The Department of Social Welfare and Development (DSWD) should not dissuade grass roots fund-raising activities by individuals seeking to help indigent members of their communities, saying that these efforts help expand the coverage of government-funded relief, according to Senator Joel Villanueva.
Instead of threatening to run after people behind fund-raising activities on social media, Villanueva suggested that the department extend leniency from the prevailing regulation and let grass roots fund-raising drives secure the necessary permits after the government has lifted the enhanced community quarantine in Luzon.
The gesture, which Villanueva said is in line with the spirit of the Bayanihan Law, will likewise help provide legal cover for these relief efforts which the lawmaker described as rooted in the Filipinos’ “good-natured community fellowship.”
“Lahat po ng ating kababayan, nais tumulong sa kapwa natin na nagigipit dahil sa krisis na dala ng COVID-19. Hindi po natin maaalis ito sa ating kamalayan, kaya po hinihiling natin sa DSWD na kung maaari, tumulong gawing legal ang mga fund-raising efforts na ganito,” said Villanueva in a statement. “Imbis na takutin ang mga tao gamit ang batas, kalingahin na lang po natin ang mga nais tumulong sa pamamagitan ng pagbigay ng tamang payo sa proseso.”
“Ngayong panahon ng krisis, mas nangangailangan tayo ng tulong at pinapakita ng bawat fund-raising drives na ito, na kadalasan ipinaaalam sa pamamagitan ng social media, na handa ang ating mga kababayan na mag-ambag sa kahit na anong halaga upang tumulong sa kapwa,” continued the lawmaker, chair of the Senate Committee on Labor, Employment, and Human Resource Development.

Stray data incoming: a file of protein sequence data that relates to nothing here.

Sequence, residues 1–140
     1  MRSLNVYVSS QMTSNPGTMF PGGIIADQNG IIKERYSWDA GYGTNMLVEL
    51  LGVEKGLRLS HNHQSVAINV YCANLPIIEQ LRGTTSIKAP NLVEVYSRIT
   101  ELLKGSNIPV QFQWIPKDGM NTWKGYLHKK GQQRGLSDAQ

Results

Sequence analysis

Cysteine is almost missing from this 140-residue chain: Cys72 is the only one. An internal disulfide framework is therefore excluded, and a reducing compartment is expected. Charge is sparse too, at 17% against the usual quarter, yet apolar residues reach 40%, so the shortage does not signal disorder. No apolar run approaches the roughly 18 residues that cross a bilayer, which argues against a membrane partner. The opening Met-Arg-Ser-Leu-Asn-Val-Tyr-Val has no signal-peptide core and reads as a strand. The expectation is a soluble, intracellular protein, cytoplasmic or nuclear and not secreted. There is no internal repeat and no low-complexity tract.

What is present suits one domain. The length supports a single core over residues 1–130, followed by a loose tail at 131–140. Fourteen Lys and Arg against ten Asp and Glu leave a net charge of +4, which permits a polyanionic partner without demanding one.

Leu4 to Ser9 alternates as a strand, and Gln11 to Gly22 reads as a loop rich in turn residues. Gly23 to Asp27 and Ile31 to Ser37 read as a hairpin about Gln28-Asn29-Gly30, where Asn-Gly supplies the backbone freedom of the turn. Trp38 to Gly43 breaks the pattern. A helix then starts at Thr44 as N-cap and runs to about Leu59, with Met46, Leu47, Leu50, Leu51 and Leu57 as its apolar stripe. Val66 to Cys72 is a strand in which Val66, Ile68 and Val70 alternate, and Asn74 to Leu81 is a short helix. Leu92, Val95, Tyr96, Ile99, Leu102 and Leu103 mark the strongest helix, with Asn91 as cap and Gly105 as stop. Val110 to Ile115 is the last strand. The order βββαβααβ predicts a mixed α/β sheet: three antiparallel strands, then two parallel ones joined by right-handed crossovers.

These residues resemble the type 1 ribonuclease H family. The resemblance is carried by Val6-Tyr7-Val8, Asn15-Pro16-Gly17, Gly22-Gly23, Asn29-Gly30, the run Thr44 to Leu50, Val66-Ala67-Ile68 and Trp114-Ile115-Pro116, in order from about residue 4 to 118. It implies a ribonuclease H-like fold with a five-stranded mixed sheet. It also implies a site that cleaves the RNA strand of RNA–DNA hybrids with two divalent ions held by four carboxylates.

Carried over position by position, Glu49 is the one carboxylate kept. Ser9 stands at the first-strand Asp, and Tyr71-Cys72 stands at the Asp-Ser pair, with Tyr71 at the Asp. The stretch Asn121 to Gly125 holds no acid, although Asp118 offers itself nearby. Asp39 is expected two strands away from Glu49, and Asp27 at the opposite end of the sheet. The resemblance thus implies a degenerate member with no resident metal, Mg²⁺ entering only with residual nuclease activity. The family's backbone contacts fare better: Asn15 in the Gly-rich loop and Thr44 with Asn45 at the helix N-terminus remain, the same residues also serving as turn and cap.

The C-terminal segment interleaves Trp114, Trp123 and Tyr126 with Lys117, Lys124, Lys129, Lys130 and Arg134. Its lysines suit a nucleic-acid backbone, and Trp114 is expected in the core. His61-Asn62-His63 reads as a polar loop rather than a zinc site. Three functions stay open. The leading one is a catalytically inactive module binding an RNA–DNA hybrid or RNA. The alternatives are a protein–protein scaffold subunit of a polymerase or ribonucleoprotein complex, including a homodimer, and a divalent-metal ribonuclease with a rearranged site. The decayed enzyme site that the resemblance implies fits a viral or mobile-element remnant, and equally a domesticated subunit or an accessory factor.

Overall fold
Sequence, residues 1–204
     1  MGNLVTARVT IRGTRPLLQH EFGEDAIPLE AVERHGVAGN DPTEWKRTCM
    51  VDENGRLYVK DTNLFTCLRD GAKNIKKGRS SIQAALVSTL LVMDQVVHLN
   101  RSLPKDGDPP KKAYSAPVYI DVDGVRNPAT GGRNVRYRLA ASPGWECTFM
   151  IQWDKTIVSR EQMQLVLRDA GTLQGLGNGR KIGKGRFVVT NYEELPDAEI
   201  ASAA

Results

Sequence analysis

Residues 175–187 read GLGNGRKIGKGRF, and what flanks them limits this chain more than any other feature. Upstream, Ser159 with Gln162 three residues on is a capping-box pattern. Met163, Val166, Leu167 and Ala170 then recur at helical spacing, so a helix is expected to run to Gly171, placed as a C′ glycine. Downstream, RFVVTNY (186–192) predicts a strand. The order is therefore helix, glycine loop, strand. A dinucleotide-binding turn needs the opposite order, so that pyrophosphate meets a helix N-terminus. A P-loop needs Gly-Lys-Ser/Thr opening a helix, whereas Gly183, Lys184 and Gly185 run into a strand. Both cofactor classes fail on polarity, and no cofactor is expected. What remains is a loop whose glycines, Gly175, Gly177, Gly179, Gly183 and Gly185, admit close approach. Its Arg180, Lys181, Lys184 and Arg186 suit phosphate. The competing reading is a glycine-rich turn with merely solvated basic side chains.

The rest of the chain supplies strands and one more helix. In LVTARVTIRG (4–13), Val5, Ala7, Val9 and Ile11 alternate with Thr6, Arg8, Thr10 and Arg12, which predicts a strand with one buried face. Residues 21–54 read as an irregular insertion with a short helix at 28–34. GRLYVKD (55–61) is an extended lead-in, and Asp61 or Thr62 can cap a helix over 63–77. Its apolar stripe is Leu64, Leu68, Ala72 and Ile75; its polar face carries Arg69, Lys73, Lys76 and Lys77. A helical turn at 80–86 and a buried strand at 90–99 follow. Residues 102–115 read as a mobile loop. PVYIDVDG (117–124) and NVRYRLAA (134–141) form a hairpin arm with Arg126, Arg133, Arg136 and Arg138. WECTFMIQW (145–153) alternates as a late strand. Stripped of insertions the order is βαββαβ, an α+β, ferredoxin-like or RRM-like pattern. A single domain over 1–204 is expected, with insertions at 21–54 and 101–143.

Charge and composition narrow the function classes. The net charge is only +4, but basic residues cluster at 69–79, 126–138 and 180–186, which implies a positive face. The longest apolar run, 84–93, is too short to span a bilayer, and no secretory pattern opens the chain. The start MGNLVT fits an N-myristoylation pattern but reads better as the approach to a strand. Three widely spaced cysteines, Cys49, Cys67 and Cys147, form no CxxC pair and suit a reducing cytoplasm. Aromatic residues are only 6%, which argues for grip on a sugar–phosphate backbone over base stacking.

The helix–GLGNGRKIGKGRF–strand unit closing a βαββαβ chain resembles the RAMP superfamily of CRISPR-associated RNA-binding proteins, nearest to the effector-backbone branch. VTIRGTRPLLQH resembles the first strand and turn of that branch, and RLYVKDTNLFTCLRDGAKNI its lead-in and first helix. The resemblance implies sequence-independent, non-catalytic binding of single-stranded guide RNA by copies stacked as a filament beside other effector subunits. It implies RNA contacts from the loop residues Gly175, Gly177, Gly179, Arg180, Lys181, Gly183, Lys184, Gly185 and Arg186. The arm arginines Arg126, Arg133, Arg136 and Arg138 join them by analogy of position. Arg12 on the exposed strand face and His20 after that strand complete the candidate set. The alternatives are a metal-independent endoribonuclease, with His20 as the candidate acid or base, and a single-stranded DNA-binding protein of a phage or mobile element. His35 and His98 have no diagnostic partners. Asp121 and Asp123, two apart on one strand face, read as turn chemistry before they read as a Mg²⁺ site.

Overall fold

Villanueva said he understood clearly what the law, Presidential Decree No. 1564 or the Solicitation Permit law, was trying to achieve, which is to regulate fund-raising activity and prevent nefarious individuals from defrauding others.
But the crisis brought by COVID-19 has made it harder for government to reach out quickly to the vulnerable, that’s why some people are helping out others in the most expedient way possible, the lawmaker explained.
“We hope the DSWD considers helping these individuals or groups by providing legal cover to their fund-raising efforts, instead of discouraging future efforts to provide relief to those who need our help,” Villanueva said.
Among the requirements under the law’s implementing rules and regulations is the need to have the documents notarized. Since notary services are not readily available during this time, Villanueva said the DSWD could instead grant these individuals a 30-day grace period once the quarantine is lifted for them to submit all requirements.
The lawmaker cited Section 4(ee) of the Bayanihan law which authorizes “undertaking such other measures reasonable and necessary to enable the President to carry out the declared national policy subject to the Bill of Rights and other constitutional guarantees.”
In the meantime, Villanueva also called on the DSWD to launch a massive information drive on the Solicitation Permit Law, establish an online filing system, streamline the application process and requirements, and expedite the approval process, instead of the average three-day turn-around time of DSWD. In times of crisis, Villanueva noted, there is no time for delay, and bureaucratic processes should not hamper the Filipinos’ bayanihan spirit.